Most of us have had 1 or 2 lube fails whether that’s buying one that ends up a total disappointment or user error related. There are so many things to consider when buying a lube and even more when attempting to use a lube so lets spend a little time talking about the etiquettecies of lubricant, from shopping for one to using one.
Lets start with some basic information.
There are 3 different kinds of lubes; water, silicone and oil based. From there you can have a hybrid of any of them. Water-based are usually the most versatile, natural and body safe. It’s safe for both silicone toys and condom use but some water based lubes do not do well in water. Silicone based is hypoallergenic and can be great for sensitive skin but not great for silicone toys. This type of lube will eat your favorite silicone dildo for breakfast. Silicone lube tends to be long lasting and is water repellent. Oil based lubes are even longer lasting then silicone. This type of lube however is associated with higher rates of infection and is not latex condom friendly. Oh and if you get it on your sheets or clothing, not even your mother in law will be able to get that stain out! Now with this basic knowledge lets talk about some important things to consider.
How will it be used? This is an important question to ask yourself due to the many different formulas of lubricants out there as we just talked about. Different lubes are designed for different types of play. Some are made for anal, some are more favorable for use with sex toys and condoms, some are made to taste good for oral pleasure, and others are great for getting busy with your partner in the shower or a little extra pleasure in the bath. Unfortunately there is not a lube that is going to cover all the bases so if this is your first time or millionth time buying a new lube, prioritize! Identify the 3 most important factors. For example, here are my priorities when lube shopping:
- Must be body safe! I am pretty sensitive and will get a UTI or yeast infection just from thinking about it.
- Must be toy friendly! I LOVE my toys, I use them on my own and during sex so the lube must get along with my toys.
- And as of right now my other top priority is that the lube must be conducive to baby making J
Setting these criteria helps to narrow down your search and make it feel less overwhelming. From time to time these priorities may change. Two months from now I might have a strange craving for strawberries, chocolate and oral sex… who knows!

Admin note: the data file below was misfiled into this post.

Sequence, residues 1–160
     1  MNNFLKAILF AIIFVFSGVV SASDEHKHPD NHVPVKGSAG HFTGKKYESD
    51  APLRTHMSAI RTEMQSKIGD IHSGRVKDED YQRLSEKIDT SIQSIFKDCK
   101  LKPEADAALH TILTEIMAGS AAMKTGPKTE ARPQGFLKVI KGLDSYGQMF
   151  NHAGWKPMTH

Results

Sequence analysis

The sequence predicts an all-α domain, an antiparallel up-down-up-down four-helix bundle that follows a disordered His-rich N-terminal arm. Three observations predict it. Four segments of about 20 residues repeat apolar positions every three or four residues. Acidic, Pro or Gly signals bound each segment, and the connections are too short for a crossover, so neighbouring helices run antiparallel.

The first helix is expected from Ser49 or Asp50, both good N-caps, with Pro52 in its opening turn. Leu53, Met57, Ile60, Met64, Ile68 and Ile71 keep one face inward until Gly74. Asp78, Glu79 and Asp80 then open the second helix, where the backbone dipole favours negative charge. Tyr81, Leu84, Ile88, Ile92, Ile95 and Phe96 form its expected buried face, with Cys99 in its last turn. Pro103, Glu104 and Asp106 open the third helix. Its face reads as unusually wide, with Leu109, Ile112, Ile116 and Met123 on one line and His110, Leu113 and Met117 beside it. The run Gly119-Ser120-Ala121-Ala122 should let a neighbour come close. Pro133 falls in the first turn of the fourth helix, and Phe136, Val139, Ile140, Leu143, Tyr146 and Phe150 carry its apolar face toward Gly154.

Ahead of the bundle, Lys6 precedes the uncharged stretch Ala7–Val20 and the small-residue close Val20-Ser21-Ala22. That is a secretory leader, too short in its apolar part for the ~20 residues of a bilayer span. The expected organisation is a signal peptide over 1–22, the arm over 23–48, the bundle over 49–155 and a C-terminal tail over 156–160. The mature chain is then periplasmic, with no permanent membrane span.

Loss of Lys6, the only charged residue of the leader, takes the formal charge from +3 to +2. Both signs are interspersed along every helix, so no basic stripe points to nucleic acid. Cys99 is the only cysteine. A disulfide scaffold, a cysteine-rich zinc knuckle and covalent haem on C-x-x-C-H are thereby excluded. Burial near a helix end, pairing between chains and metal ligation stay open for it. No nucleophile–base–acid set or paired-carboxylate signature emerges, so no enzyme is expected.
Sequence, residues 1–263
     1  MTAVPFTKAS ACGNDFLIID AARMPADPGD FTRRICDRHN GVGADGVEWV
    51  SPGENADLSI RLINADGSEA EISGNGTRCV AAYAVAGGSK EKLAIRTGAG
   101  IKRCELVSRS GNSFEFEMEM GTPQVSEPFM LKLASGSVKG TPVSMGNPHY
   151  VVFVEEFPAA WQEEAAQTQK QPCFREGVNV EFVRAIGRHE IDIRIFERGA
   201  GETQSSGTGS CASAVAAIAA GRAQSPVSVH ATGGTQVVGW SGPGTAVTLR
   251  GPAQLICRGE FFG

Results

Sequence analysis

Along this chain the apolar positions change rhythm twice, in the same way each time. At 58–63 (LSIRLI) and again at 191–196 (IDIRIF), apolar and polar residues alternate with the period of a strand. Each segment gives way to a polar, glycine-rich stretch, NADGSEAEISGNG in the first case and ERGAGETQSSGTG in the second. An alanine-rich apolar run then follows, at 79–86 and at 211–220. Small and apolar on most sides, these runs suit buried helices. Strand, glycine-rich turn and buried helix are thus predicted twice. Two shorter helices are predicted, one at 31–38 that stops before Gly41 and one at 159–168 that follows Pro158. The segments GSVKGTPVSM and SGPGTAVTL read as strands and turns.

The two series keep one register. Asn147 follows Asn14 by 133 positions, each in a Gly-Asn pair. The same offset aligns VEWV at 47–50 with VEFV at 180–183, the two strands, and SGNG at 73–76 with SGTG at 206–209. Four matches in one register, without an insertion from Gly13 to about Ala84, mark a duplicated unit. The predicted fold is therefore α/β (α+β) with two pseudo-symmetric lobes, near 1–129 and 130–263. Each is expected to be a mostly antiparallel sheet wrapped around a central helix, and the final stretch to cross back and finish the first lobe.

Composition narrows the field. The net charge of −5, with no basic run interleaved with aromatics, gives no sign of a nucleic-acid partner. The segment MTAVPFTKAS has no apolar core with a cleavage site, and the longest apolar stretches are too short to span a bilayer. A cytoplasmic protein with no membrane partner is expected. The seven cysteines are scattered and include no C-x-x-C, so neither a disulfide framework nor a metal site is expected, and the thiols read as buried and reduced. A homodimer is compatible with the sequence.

Who will be using it? Obviously you but will it be your husband or wife, the random but hot waiter you picked up at the bar, your long time friend with benefits who happens to be your son’s baseball coach or the magical 3rd you and your husband have been vetting for months? When picking out a lube considering who will be using it may affect your 3 priorities. For instance, if you are picking out a lube to have on hand just incase you find yourself back at your place after your Bumble date you might want to prioritize body safe and go with a lube that has no scent, taste or artificial coloring. If you are using a lube with someone you are familiar with consider what his or her lube priorities are before buying or better yet make your lube priority list and pick one out together!
Bring the who and how together. If you follow The Study on Instagram you might have seen me share one of our lube fails on our story but if not let me lay it out for you in short. It was my first time using lube. My boyfriend at the time (now husband) didn’t ask if lube was ok, applied it like he was basting the Thanksgiving turkey. To try to deal with the excessive amount of lube he proceeded to massage it all over my crotch and into my urethra, which cause a wicked UTI. Meanwhile I laid there and didn’t speak up. We were both idiots and we didn’t know what we didn’t know. So here are some basics things you need to know about using lube solo and partnered.
- Let me make this very clear, CONSENT is needed. I’m not just talking about consent for sex I mean for the use of the lube specifically. There is nothing worse then being in the moment feeling hot and horny and someone slaps some cold wet lube on your genitals without asking and you spend the rest of the time wondering if your going to have an allergic reaction, wake up with a wicked UTI or obsessing if your risk for STI’s was double by the nonconsensual lube use.